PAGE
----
Few people enjoy filling out paperwork, and even fewer enjoy government paperwork. Forms are tedious and old-fashioned, and they often accompany a particularly byzantine process. But they surface infrequently enough that we're able to tolerate them for a few hours now and then before moving on with our lives.
Not everyone has that luxury. For immigrants applying for residency or naturalization status in the United States, incomplete or inaccurate paperwork can result in life-altering consequences. The rejection of an application can deny someone opportunity, security, or a reunion with loved ones. And until a Supreme Court ruling in 2017, innacuracies on an immigration application — even if unintentional — could be grounds for prosecution.
For my thesis project at MICA, I chose to explore how we might apply principles of usability and interaction design to create new digital experiences for those seeking to become residents or citizens of the United States. In the absence of fully digital and usable federal paperwork, software solutions have arisen to assist people in other bureaucratic matters, such as preparing taxes or managing a business. A similar approach ought to be applied to the immigration process, where frustration with paperwork can complicate an already-stressful process for a particularly vulnerable audience.
I conducted user research by interviewing five people with firsthand experience in applying for residency or naturalization. Participants included three immigrants hailing from Cuba, Nicaragua, and India: one a naturalized citizen, the other two permanent residents by marriage. The remaining two were US citizens who assisted their spouses with their applications.
Interviews consisted of about 25 questions covering their experience with various immigration processes, their comfort with technology, and retrospection on how they might improve the process given their experiences.
- Applicants typically resided in the US for several years before applying for a change in status. Most had held multiple different visas before becoming permanent residents or citizens, including refugee, student, employment-based, and marriage visas. Several mentioned family members who were permanent residents that decided applying for naturalization wasn't worth the effort.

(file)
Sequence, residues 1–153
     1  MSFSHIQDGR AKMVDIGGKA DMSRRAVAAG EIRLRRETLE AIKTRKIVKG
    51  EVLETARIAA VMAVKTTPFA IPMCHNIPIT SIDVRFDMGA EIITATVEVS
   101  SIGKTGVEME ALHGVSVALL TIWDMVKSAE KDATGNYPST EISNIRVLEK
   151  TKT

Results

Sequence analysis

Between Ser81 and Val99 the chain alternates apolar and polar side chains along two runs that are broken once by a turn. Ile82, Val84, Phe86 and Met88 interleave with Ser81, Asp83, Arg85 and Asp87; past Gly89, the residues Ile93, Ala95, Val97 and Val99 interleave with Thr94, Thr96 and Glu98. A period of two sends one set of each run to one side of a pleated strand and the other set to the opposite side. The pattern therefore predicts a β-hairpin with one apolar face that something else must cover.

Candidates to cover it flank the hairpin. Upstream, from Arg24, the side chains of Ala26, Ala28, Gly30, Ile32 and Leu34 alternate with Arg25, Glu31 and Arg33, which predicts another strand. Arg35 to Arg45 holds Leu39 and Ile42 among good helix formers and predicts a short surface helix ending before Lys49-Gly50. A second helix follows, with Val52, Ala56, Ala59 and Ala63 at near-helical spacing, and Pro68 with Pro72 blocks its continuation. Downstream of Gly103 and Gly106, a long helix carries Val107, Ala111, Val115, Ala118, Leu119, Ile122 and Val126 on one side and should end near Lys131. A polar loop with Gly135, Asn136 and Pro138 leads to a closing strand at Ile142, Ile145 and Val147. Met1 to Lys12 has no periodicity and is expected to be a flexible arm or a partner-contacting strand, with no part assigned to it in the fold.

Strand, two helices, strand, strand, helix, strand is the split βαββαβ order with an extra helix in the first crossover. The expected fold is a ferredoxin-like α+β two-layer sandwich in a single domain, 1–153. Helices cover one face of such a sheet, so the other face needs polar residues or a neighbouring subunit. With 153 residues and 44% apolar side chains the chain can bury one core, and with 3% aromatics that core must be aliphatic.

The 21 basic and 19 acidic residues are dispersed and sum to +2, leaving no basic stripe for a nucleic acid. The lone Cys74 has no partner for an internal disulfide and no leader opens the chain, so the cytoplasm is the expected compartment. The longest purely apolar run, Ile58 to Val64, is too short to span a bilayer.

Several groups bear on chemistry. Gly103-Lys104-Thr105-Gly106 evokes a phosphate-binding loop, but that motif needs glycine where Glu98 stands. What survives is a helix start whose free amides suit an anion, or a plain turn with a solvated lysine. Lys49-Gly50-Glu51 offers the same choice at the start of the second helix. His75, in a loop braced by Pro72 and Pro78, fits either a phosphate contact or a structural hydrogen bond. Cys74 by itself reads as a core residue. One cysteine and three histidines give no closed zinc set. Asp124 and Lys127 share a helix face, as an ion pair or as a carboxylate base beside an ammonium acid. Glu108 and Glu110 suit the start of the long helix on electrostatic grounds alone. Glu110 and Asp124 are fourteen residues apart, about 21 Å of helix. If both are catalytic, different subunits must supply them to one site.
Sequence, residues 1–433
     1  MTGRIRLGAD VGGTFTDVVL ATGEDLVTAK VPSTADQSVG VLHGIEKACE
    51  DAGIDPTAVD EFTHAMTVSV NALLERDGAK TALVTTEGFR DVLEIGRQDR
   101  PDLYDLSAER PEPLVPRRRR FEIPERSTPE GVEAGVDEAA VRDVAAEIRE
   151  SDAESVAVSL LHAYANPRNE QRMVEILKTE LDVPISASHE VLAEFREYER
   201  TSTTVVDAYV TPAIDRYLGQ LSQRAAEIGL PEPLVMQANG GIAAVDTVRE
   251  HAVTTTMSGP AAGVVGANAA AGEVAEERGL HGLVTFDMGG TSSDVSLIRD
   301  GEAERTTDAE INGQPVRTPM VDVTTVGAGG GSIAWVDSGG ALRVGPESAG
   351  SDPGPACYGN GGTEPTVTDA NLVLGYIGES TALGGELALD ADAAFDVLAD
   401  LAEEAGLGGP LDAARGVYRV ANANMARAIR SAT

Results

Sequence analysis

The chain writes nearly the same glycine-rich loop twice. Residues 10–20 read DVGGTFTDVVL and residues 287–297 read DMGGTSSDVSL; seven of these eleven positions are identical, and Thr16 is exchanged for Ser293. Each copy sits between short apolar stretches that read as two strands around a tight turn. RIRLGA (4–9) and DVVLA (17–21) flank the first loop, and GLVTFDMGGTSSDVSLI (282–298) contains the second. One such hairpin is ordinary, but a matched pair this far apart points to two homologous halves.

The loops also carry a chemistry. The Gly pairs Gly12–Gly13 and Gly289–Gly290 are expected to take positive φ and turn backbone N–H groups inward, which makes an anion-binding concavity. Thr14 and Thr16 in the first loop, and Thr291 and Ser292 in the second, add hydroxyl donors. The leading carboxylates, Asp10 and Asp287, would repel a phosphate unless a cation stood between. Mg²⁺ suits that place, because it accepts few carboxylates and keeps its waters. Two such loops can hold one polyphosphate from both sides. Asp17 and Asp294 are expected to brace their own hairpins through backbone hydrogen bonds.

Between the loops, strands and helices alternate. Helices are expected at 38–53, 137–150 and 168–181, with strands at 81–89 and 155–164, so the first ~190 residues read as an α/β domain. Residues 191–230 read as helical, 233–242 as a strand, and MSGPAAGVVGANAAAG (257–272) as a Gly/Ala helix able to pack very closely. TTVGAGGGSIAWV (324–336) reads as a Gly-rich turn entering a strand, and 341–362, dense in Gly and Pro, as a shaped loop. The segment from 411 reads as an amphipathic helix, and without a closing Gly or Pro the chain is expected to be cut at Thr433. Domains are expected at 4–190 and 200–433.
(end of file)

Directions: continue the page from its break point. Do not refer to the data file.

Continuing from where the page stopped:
- Government is a “black box”; after submitting an application, months of uncertainty would pass before receiving further word from USCIS.
- The process was invasive, as officials often required applicants to submit personal communications with their spouses as proof of their relationship.
- Outside help is often necessary, but trust is an issue. Word of horror stories about immigration scams traveled through immigrant communities, and there was some apprehension of third-party services.
- Applicants aren’t the only users — citizen spouses, lawyers, translators, and social workers often assist in filling out documents and testimonials.
- Suggested product features: Document uploading, progress tracking, reminders, remote access & multiple users/permissions, plain language, contextual definitions, less legalese
Design & Validation
In many cases, digital forms fail to overcome the challenges posed by paper ones. Simply creating a digital facsimile wouldn't suffice. My initial exploration & research pointed me toward conversational interfaces as a solution, since they rely upon progressive disclosure — the method of only exposing immediately relevant information to a user at a given time. This reduces cognitive load in users, making complex tasks more manageable and thereby easier to complete.
I propose an alternative to immigration paperwork in the form of a conversational interface. By re-contextualizing traditional paperwork into a question-and-answer format, we can use familiar language and interaction patterns to provide users with a personalized experience that is approachable and stress-free.